In Jesus Christ, the Holy Spirit is present, not absent, and He is present with all of the life and beauty, creativity and music, burdens and joys and loves of the blessed Trinity, whether anyone sees it and believes or not. My yearning is that we would be able to see each moment in the light of Jesus, to perceive and enjoy the Holy Spirit’s presence, and participate in His fruitfulness with complete awareness. And what will happen when we do? If the Holy Spirit is able to do so much everyday around this planet through a human race that is as blind as bats, what will happen when we begin to see? What will happen when instead of imposing our own ideas and agendas, our pride and prejudice upon the Holy Spirit’s presence and work, we actually stop and pray, asking the Holy Spirit to enlighten us so that we can participate as those who understand what is going on in and through and around us? What will happen when instead of unwitting opposition to the Holy Spirit, we give ourselves whole heartedly to participate in His life-giving, fruit-producing presence?
We either see ourselves and others as merely human, with an occasional dash of ‘supernatural’ inspiration, or we see ourselves and others as those included in Jesus Christ and in His anointing in the Holy Spirit. The former will produce pride and incessant striving, followed by more pride, then boredom and burnout, and the divisive minimization of our human existence as we chase the spirituality of the non-human god. The latter will produce dignity and hope, and a regard for one another beyond race, religion, and all prejudice. For we will see ourselves and others as brothers and sisters (blind as we may be) equally included in the Trinitarian life of God. We will look for the Trinitarian life emerging in and through the ‘humanity’ of others, and we will cherish, celebrate and do what we can to encourage its emergence. Seeing ourselves and others included in Jesus’ anointing will give us the freedom to embrace our fishing and cooking, our mothering and fathering, our relationships, our burdens and joys, our ideas and designs as not our own at all, but as our participation in the presence of the Holy Spirit in person.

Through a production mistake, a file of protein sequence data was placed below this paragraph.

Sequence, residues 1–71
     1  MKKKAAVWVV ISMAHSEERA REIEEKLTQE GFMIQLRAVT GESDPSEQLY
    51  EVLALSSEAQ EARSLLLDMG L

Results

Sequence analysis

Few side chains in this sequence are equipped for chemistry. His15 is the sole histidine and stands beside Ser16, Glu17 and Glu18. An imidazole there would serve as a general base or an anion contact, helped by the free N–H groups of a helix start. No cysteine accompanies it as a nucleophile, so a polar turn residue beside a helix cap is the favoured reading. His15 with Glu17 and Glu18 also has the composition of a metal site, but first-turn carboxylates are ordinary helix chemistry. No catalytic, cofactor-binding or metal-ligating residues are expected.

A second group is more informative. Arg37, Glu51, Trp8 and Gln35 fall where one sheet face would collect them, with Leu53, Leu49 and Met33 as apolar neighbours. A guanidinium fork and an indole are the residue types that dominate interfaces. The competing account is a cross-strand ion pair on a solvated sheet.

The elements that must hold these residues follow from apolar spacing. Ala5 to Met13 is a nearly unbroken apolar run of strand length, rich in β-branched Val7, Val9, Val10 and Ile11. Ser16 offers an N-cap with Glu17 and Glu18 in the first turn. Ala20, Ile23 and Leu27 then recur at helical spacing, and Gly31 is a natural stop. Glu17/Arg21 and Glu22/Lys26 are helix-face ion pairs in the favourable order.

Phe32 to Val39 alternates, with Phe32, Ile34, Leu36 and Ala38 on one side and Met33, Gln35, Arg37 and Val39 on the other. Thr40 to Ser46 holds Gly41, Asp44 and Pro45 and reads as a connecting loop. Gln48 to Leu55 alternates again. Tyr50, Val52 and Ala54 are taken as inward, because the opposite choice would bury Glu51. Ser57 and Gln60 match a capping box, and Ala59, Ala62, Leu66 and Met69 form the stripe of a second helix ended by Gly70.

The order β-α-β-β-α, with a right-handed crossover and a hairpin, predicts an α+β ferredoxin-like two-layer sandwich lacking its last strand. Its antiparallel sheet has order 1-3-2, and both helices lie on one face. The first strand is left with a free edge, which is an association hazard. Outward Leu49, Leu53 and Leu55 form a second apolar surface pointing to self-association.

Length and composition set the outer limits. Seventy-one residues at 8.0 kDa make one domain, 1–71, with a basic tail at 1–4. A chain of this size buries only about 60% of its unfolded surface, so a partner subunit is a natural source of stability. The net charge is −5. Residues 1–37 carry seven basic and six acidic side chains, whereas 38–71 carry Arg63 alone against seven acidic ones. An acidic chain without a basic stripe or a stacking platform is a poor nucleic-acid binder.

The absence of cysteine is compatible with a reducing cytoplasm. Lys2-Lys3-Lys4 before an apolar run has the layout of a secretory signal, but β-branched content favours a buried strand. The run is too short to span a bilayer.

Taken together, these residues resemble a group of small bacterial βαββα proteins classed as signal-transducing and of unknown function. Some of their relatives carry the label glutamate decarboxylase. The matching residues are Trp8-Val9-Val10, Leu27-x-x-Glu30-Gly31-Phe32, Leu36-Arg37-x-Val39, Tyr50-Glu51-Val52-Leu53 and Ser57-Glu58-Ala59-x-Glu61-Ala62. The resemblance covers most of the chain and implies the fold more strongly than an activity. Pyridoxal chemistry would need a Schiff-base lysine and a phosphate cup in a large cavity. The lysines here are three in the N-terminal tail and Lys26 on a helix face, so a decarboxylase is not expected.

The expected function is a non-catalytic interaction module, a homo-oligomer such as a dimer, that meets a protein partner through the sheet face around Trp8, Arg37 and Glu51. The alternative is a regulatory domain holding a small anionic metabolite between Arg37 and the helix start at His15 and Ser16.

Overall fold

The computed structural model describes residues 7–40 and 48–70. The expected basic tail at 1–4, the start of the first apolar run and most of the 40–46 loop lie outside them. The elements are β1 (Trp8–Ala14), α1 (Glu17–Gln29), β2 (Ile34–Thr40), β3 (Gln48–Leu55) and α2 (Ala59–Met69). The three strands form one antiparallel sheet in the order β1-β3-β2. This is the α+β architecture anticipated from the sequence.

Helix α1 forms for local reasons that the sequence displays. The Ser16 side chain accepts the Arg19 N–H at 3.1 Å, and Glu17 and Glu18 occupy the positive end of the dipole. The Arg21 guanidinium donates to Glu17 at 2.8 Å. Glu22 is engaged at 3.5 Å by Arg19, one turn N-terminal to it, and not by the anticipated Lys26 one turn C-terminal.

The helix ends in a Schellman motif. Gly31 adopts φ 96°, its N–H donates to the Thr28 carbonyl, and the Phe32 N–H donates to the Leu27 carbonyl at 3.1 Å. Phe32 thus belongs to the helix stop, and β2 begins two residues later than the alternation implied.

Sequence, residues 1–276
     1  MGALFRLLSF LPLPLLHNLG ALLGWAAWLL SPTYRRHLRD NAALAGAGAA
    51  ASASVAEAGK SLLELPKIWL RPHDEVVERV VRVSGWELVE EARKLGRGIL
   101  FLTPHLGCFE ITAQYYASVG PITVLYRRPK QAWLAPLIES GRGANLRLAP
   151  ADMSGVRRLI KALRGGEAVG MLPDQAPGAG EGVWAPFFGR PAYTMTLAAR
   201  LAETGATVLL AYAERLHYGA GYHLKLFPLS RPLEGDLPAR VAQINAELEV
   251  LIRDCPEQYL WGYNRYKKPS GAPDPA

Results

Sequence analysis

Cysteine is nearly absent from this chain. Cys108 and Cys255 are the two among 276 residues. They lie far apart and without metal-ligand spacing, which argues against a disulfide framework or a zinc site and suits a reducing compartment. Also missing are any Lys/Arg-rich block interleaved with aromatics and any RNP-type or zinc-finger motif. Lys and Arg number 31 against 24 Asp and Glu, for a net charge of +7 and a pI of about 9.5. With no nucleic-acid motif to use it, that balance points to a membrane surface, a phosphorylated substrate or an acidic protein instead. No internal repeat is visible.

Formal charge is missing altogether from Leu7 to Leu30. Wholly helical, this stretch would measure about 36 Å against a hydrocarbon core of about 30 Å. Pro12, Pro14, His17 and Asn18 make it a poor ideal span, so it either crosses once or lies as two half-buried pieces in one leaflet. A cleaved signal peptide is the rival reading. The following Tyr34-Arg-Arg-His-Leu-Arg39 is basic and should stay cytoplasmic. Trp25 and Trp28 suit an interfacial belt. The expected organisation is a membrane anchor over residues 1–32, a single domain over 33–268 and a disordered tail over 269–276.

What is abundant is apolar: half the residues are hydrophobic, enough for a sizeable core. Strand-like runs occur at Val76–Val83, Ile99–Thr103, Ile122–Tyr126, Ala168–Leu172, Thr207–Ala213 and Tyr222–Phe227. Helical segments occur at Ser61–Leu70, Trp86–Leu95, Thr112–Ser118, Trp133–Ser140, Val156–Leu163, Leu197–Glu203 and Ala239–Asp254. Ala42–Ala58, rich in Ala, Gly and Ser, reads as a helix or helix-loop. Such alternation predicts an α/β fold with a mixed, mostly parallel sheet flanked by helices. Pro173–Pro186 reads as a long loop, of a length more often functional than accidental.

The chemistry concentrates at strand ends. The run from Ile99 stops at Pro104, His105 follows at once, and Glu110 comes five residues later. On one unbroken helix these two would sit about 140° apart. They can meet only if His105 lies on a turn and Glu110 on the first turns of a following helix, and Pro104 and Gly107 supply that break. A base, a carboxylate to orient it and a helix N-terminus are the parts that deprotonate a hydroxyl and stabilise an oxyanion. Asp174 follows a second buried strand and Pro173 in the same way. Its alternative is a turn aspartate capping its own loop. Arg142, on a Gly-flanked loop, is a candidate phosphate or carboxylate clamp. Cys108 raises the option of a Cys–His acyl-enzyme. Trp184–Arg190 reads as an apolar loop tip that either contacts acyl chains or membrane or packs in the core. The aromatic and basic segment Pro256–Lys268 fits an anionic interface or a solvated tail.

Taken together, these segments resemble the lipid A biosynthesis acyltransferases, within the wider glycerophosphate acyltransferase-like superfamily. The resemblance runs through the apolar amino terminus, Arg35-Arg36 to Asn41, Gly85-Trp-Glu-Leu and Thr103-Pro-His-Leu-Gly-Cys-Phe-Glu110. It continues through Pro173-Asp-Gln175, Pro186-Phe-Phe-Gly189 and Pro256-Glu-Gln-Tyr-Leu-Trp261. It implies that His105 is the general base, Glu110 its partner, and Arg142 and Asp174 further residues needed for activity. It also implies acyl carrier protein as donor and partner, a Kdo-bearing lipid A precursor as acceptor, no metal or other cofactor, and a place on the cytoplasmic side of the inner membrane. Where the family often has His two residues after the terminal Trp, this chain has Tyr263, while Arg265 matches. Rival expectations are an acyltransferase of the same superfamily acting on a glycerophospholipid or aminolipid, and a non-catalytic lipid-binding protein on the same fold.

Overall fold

Holy Spirit, we are blind lot. Thank you for your patience with us and for the wonderful way you share the life of Jesus and his Father with us. Thank you for your utter determination to bring about the full emergence of the Trinitarian life in and through us, until the whole cosmos is alive with the Great Dance of the Triune God. We pray for and give you permission to reveal Jesus Christ in his glory, and our place in him.